Honestly, I would bet that MRI releases the GIL when it does IO or similar. I know the behavior in CPython is similar, where when you call out to libc funcs to do IO, the GIL is released first. I don’t know anything specifically about the internals of MRI Ruby, but I wouldn’t be surprised if it was the case there as well. This reinforces the author’s conclusion that high IO workloads wouldn’t benefit from TruffleRuby/JRuby.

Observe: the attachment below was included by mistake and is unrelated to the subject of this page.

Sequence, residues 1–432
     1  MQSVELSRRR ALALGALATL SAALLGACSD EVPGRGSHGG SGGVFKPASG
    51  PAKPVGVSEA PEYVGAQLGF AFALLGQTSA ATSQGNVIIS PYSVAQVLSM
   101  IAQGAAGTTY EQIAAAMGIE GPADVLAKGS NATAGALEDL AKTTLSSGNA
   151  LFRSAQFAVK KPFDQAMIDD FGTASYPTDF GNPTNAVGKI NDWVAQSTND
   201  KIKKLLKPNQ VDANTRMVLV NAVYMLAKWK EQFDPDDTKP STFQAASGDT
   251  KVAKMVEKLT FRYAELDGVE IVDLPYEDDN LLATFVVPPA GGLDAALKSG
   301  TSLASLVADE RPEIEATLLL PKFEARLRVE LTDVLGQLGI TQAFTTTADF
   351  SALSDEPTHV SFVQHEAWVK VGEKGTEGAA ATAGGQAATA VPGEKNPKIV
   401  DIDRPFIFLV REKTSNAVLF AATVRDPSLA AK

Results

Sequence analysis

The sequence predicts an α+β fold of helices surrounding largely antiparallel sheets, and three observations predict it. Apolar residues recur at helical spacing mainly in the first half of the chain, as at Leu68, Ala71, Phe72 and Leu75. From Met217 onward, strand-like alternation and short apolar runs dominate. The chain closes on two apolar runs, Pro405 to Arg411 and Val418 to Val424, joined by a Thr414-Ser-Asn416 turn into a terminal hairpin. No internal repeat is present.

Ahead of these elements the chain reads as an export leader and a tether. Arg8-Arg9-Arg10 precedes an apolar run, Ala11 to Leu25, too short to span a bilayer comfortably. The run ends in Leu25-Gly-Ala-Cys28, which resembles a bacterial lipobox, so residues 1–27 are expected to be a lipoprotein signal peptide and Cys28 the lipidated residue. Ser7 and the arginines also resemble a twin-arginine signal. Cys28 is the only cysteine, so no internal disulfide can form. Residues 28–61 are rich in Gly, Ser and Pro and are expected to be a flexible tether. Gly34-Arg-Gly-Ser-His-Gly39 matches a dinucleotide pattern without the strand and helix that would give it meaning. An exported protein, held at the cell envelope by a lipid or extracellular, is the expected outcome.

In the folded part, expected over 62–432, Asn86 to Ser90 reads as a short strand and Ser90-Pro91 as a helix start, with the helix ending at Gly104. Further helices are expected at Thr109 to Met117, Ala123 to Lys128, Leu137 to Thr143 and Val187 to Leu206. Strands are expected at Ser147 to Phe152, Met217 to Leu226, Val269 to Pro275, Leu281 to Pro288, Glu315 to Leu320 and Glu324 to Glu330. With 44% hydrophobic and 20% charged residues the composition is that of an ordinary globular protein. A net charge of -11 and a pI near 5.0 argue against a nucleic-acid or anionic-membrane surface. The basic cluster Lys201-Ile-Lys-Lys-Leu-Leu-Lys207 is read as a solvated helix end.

No, it’s not GIL here. As the article states, Jekyll is not multithreaded.
Author here. One thing I was thinking about was is how a popular program like jekyll becomes optimized for its runtime and all those tweaks likely harm performance if the runtime is changed. Like Ruby strings are mutable and java strings are immutable and a thousand other things like that.